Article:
Advancing the insurance sector’s core risk management capabilities will help nations, regions, and communities address the growing physical risks of climate change and extreme heat.
The role of the insurance sector
Disasters are inevitable, no matter how hard we work to protect against them. Insurance plays a critical role in how we collectively navigate these risks. Access to funds, especially for those without a financial safety net, can be a lifeline that enables them to rebound from a shock or rebuild livelihoods and communities. However, as rising global temperatures drive more frequent and intense disasters, the insurance sector is not changing as rapidly as it must to respond effectively to the growing scale of the climate crisis.
The insurance sector has long held a pivotal role in not only helping people protect themselves when calamity strikes, but also in sending powerful risk signals to help society adapt to dangers. Whether it was in the 1800s, spurring the creation of fire prevention measures or in the last century with the adoption of seatbelt regulations to reduce the number of vehicular injuries and deaths, insurance can shift how communities perceive and prepare for risks. As we enter an era of global boiling where deadly heat will become increasingly difficult to avoid, it is increasingly urgent for the insurance sector to adapt to this new reality.
Mind the gap
As the number of natural catastrophic events has risen globally in recent years, the gap between the insured and uninsured has also grown. Worldwide, it is estimated that there is a 58 percent “protection gap.” In 2019, for instance, over 400 natural disasters caused approximately $232 billion in damages, and yet only $71 billion was insured. Many locations with low coverage are also the areas most vulnerable to natural disasters and with the lowest adaptive capacity when disaster strikes.
The cost of this can be staggering, as shown by the National Oceanic and Atmospheric Administration’s report that found that eighteen natural disasters cost the United States alone $165 billion in damages. The increase in these types of heavy catastrophe losses—coupled with factors such as inflation and geopolitical uncertainty—have driven global property-catastrophe prices up by 37 percent in early 2023, nearly three times as much as the previous year.
Even for individuals or communities who are insured against disaster, the current global approach to resolving climate disasters by funneling resources towards disaster response is a costly enterprise. The Federal Emergency Management Agency (FEMA) has found that natural hazard mitigation saves $6 on average for each $1 invested. As Francis Bouchard, Marsh McLennan’s Managing Director of Climate, highlights, the insurance sector can play a critical role in shifting disaster management to move from post-event response to pre-event prevention measures: “The insurance sector has an integral role to play, both in helping ensure in a rather traditional way in terms of paying claims after events, but I also think we can find ways to start sending risk signals earlier so that we’re helping communities and individuals, businesses reduce their exposure to climate risk before the event actually happens.”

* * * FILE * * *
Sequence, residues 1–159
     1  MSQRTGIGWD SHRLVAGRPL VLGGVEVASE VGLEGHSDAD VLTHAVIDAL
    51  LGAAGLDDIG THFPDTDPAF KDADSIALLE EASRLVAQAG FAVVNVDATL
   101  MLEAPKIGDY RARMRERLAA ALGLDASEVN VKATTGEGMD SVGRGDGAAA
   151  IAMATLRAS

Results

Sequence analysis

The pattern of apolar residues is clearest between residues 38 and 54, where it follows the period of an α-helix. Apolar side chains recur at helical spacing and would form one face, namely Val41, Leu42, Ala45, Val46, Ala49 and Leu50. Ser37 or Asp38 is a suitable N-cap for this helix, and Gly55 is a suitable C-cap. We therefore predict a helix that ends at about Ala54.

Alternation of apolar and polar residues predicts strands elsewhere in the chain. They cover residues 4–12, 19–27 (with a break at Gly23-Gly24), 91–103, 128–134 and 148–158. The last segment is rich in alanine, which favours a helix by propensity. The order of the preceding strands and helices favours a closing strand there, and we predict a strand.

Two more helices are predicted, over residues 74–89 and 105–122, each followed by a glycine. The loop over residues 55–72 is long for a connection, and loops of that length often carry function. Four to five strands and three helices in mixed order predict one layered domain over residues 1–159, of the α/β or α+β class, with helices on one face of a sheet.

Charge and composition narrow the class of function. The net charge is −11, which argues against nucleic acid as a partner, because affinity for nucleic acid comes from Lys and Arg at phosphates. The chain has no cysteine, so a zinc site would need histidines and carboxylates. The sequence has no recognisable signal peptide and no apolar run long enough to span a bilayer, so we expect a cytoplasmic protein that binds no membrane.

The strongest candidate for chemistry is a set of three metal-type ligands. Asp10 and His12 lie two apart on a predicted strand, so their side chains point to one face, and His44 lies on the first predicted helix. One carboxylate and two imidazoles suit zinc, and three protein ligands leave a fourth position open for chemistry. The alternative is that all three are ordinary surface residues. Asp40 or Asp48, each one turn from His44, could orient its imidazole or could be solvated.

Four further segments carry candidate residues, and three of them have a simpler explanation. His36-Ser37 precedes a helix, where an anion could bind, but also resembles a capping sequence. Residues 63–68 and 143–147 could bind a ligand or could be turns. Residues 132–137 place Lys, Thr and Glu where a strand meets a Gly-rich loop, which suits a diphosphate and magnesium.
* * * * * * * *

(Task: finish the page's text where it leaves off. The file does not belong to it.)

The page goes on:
Moving from business-as-usual to transformative change
Transforming the insurance sector to one that will be able to meet the needs of a new climate reality relies on the buy-in of industry giants to move to a new approach to insuring against disasters. At COP27, Marsh McLennan announced its partnership with Arsht-Rock and the UN Climate Change High Level Champions to facilitate the engagement of the insurance industry by advocating for innovative disaster risk reduction initiatives which aims to shift communities from a reliance on recovery to focusing on resilience.
Among the projects that its Insurance Sector Mobilization campaign showcases, is the parametric insurance program created in partnership by the Adrienne Arsht-Rockefeller Foundation Resilience Center (Arsht-Rock), the Self Employed Women’s Association (SEWA), a 50-year-old Indian trade union with 2.5 million women members, and Blue Marble, an Impact Insurtech that creates socially meaningful, commercially viable insurance protection for the underserved. This Extreme Heat Income Insurance helps women in India recover wages lost due to climate-driven extreme heat events by delivering a payment to SEWA members’ bank accounts to compensate for projected lost income due to unsafe working conditions when temperatures reach a designated high. Projects such as this, and the seventeen others that are highlighted in the campaign, act as a guide on how to redefine the role of insurance in global disaster planning, paving the way for future initiatives to be adopted.
As stakeholders around the world prepare for COP28, it is incumbent on them to not only look at the ways that nations can respond to the threat of climate change, but also how private actors can revolutionize their industries to effectively meet the demands of the climate crisis. With Loss and Damage as one of the key priorities for those already experiences the impacts of extreme heat and other climate disasters, it is becoming an international priority to move towards a model that not only responds to risks equitably but one that uses the data and expertise the insurance sector has to move towards more effective risk reduction.